I am constantly inspired by some of the physical challenges that people attempt on behalf of various good causes. One of my friends from work has completed two marathons in the past couple of months and Alex Langley (who I met at a badminton event organised by Jenny Wallwork… another inspiring young woman) is nearing the end of a gruelling test to run 26 miles a week for 26 consecutive weeks for her chosen charity—truly amazing.
Unfortunately, the nature of my degenerative hip condition means that I would now struggle to run 26 yards let alone 26 miles; in fact, even walking for more than half an hour becomes really quite painful. Add to that a weak back, a shoulder that clicks constantly due to years of trying to bowl left-arm spin, and various other aches and pains that come with middle age, and I have to be careful both about the goals I set myself, and also how I prepare and train for any big event.
That said over the past three-and-a-half years I have been determined to push myself to complete various challenges to try and raise mental health awareness—the last of these physical challenges will be taking place in November, before the conclusion of the four-year project the following month.
If I can’t run a marathon, then I’m going to attempt the next best thing… I’m going to row a marathon on an indoor rowing machine; and just for good measure, I’m also going to cycle a marathon on an exercise bike—two lots of 26.2 miles.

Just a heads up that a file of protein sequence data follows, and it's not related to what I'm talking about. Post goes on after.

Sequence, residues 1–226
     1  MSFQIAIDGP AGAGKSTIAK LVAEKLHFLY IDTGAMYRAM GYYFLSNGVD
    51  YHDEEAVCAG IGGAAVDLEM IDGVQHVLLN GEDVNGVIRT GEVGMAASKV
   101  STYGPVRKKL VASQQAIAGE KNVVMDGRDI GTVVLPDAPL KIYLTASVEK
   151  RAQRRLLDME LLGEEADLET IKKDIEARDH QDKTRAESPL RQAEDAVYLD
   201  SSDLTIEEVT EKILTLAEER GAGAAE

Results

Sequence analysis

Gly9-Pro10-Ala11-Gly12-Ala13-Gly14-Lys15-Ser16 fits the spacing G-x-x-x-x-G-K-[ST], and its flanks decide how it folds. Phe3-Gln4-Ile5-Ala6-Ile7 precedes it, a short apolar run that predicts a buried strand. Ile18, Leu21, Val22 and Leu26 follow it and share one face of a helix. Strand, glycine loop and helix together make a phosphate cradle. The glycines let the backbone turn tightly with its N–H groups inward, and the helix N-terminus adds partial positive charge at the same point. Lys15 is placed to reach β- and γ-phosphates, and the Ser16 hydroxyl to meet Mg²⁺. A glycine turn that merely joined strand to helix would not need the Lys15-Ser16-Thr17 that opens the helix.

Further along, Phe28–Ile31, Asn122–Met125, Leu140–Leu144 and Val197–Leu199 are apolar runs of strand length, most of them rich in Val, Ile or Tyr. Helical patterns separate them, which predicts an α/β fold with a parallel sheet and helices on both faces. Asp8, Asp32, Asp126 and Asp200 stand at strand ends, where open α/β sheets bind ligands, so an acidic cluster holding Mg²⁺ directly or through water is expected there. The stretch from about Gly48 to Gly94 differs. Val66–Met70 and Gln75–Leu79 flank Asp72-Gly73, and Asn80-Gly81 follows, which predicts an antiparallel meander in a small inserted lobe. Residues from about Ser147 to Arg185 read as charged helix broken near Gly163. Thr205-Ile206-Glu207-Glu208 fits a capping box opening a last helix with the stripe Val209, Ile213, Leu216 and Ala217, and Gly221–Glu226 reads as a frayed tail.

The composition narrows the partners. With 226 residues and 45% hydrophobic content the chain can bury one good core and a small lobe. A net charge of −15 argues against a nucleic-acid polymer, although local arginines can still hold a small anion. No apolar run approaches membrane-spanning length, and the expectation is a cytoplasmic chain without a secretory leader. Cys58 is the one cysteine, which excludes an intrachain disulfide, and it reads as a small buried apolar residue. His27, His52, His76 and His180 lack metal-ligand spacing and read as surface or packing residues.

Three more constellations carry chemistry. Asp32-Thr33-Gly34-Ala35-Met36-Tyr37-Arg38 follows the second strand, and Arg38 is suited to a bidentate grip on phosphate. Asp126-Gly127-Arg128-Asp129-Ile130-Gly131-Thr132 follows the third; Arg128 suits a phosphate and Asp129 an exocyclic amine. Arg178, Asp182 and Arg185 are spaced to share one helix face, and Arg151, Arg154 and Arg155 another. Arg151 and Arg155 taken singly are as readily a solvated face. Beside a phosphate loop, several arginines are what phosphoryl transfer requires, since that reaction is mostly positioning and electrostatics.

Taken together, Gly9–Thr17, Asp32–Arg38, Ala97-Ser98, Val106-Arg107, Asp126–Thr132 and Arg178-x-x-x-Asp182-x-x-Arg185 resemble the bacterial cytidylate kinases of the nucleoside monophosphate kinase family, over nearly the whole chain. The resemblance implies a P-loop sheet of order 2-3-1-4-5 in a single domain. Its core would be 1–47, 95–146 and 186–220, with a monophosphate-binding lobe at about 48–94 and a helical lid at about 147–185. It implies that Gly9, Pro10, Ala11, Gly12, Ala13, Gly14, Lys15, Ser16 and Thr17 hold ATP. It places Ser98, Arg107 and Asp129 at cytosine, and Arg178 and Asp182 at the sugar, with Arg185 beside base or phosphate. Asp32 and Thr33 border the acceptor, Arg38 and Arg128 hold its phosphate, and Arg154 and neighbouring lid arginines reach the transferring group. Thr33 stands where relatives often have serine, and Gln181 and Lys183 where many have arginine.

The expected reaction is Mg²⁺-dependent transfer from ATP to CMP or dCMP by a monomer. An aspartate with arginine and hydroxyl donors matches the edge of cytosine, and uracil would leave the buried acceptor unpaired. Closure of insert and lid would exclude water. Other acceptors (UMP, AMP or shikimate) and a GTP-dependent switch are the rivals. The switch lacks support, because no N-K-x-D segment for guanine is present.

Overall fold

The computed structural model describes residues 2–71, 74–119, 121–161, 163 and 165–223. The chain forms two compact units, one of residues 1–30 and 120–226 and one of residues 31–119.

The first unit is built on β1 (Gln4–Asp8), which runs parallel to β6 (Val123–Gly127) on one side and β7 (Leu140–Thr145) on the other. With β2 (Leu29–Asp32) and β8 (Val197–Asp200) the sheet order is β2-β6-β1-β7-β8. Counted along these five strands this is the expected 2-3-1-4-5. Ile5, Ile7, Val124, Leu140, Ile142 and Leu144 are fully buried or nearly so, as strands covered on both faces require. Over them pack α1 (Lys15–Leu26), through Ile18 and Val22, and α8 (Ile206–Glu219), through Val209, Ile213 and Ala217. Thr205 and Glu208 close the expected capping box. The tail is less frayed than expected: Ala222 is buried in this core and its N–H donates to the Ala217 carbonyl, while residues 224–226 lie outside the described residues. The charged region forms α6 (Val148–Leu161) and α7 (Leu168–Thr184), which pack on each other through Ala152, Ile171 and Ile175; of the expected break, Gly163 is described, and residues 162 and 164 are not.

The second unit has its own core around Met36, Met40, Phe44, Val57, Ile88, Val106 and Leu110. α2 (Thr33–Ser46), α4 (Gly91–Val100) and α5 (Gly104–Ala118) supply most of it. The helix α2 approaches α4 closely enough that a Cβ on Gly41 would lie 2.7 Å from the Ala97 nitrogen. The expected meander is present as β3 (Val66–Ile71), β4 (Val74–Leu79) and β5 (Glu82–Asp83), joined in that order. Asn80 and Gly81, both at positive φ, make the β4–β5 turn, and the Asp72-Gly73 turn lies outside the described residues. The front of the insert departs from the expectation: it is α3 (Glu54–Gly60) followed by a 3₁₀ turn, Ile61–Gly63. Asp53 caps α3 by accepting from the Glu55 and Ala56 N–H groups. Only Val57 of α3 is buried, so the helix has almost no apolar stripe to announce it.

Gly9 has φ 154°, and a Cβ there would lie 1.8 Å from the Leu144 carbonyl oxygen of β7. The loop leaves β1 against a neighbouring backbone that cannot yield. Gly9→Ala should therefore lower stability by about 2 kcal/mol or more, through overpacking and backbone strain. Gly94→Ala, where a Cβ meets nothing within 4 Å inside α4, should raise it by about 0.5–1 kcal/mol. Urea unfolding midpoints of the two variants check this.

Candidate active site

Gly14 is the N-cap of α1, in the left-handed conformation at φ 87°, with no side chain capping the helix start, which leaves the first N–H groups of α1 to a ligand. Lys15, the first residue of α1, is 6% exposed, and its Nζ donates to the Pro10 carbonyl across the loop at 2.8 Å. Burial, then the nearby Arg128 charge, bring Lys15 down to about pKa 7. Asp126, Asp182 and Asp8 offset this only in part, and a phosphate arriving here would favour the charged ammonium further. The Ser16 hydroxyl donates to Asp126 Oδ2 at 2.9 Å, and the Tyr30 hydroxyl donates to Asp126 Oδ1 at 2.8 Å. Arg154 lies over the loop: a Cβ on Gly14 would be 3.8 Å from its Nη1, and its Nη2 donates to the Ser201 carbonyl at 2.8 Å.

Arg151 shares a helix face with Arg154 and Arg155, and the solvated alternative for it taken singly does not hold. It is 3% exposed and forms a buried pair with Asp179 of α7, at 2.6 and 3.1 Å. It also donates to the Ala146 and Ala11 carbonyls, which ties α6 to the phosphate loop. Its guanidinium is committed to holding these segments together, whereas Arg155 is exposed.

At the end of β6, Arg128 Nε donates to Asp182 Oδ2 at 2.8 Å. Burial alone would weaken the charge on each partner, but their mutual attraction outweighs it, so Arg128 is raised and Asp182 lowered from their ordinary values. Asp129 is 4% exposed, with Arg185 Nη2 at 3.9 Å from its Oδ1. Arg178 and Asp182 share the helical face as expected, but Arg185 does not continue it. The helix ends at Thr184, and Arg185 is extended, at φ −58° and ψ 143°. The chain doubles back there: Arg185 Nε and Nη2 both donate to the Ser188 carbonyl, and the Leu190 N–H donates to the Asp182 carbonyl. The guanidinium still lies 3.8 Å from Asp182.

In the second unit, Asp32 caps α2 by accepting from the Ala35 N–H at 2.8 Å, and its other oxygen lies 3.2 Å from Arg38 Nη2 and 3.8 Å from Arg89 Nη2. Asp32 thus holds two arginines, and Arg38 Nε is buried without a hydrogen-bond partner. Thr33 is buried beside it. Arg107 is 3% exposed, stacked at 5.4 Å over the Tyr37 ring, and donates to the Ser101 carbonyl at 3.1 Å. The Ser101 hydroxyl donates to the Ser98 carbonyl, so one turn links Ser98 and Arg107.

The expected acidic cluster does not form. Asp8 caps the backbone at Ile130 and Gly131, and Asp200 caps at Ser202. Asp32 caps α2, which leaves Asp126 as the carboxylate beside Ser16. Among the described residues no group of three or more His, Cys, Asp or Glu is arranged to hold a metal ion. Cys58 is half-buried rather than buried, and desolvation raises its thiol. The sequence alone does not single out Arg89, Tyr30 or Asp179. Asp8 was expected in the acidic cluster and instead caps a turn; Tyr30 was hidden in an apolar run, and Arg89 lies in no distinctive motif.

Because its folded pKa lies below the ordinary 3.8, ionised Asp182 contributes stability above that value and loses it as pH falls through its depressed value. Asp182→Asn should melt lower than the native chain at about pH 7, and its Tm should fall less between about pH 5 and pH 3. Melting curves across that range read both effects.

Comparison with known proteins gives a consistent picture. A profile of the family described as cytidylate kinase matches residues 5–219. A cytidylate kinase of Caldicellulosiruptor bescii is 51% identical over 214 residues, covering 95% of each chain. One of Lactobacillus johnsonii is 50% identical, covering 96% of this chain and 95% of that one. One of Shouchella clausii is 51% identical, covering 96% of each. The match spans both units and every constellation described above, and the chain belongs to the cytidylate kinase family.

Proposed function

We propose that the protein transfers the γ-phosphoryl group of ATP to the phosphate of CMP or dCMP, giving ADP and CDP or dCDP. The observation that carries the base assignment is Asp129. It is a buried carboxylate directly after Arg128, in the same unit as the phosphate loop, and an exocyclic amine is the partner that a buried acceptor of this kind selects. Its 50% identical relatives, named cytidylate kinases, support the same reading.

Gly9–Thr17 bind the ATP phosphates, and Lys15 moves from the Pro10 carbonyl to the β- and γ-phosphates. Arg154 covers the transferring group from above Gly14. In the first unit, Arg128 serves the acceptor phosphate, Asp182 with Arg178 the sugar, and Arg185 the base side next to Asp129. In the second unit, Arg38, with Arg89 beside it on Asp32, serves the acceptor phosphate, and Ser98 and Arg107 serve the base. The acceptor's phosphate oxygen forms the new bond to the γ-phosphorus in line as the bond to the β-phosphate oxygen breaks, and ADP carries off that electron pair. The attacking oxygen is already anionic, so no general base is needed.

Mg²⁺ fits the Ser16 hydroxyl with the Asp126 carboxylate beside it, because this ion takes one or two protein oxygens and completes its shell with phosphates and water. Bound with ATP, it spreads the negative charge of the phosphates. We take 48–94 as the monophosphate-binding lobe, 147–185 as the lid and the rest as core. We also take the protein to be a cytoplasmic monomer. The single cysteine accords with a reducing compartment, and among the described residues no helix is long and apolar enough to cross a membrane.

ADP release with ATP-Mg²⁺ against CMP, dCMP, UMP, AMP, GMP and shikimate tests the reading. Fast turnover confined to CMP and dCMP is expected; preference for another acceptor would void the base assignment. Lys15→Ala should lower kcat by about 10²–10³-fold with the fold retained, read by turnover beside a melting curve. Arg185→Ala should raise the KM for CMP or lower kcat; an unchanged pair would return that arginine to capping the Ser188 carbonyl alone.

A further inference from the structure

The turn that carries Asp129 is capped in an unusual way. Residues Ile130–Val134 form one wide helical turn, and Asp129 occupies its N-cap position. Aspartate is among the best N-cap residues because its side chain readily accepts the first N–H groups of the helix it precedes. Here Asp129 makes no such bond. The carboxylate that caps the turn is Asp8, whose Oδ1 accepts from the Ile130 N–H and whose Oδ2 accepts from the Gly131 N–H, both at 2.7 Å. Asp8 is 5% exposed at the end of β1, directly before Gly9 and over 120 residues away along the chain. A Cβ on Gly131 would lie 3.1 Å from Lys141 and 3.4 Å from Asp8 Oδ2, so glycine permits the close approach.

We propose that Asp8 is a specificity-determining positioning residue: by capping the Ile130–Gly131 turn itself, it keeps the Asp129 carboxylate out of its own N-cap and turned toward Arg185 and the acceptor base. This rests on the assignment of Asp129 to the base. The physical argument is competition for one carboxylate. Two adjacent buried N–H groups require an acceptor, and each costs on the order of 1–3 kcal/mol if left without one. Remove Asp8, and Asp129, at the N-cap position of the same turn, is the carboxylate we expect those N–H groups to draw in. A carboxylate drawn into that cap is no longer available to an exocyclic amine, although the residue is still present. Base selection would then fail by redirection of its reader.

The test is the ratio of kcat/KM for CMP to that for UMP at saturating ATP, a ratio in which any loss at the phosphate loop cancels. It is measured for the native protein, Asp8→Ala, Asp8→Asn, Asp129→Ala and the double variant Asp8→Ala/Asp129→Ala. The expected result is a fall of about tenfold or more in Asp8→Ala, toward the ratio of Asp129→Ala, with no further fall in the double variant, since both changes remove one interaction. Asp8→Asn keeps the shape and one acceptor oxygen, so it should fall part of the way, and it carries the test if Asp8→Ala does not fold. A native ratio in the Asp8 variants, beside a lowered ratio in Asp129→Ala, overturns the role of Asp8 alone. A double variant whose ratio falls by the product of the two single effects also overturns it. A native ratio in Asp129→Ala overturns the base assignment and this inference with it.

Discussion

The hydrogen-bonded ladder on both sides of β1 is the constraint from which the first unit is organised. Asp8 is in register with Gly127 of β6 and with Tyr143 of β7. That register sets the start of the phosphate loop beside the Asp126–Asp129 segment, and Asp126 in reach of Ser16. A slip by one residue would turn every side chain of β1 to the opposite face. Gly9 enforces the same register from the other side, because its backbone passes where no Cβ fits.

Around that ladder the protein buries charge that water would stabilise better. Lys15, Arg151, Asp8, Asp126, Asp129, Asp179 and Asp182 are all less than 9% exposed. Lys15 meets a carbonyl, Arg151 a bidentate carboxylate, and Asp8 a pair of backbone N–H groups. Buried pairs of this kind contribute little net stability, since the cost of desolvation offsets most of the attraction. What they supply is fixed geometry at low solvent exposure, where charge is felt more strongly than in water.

I managed the equivalent of an English Channel crossing on a rowing machine last December; but that was “only” 21 miles and didn’t include any pedalling. Those 21 miles took me a minute over three hours, due in no small part to the company and support I had throughout the morning (Louise Hobson from BBC Tees and Julian Bunn, my unofficial “trainer” were there for the whole duration), but based on current training times, this double marathon will take something in the region of six hours.
This will make it the longest physical test I’ve ever set myself (I’ve done longer events, but throwing darts for an extended period is not quite the same), and although I’m well aware of my physical limitations, but I believe that with the right preparation I can defy my advancing years and successfully complete this dual challenge.
I’m giving myself a full six months to get myself physically and mentally ready; and the cause will provide constant motivation. The provisional date is Friday 3 November and I’m hoping that Eston Leisure Centre will once again be the venue, Rachael Gage and her team having provided so much support for the cross-channel challenge five months ago.
I’ve been lucky enough to have had some incredible experiences and met some wonderful people since the start of 2014. I’m entering the home straight now, but I’m determined to push myself to my limit and finish on a proverbial high—and I might even lose a few pounds along the way, which would be a nice bonus!
The absolute bottom line remains the same as it did when I started though; it’s fine to talk about mental health… and never be afraid to ask for help.